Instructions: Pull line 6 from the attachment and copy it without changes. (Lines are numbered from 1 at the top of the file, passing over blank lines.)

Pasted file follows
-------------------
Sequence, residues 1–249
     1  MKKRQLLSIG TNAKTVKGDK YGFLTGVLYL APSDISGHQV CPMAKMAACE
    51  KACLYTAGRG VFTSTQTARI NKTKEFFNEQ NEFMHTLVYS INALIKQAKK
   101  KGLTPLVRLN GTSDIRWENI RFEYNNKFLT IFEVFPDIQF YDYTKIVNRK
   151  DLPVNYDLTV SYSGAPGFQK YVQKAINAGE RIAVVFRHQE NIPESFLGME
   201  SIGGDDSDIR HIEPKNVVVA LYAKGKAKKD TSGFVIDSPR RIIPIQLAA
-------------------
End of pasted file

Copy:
   201  SIGGDDSDIR HIEPKNVVVA LYAKGKAKKD TSGFVIDSPR RIIPIQLAA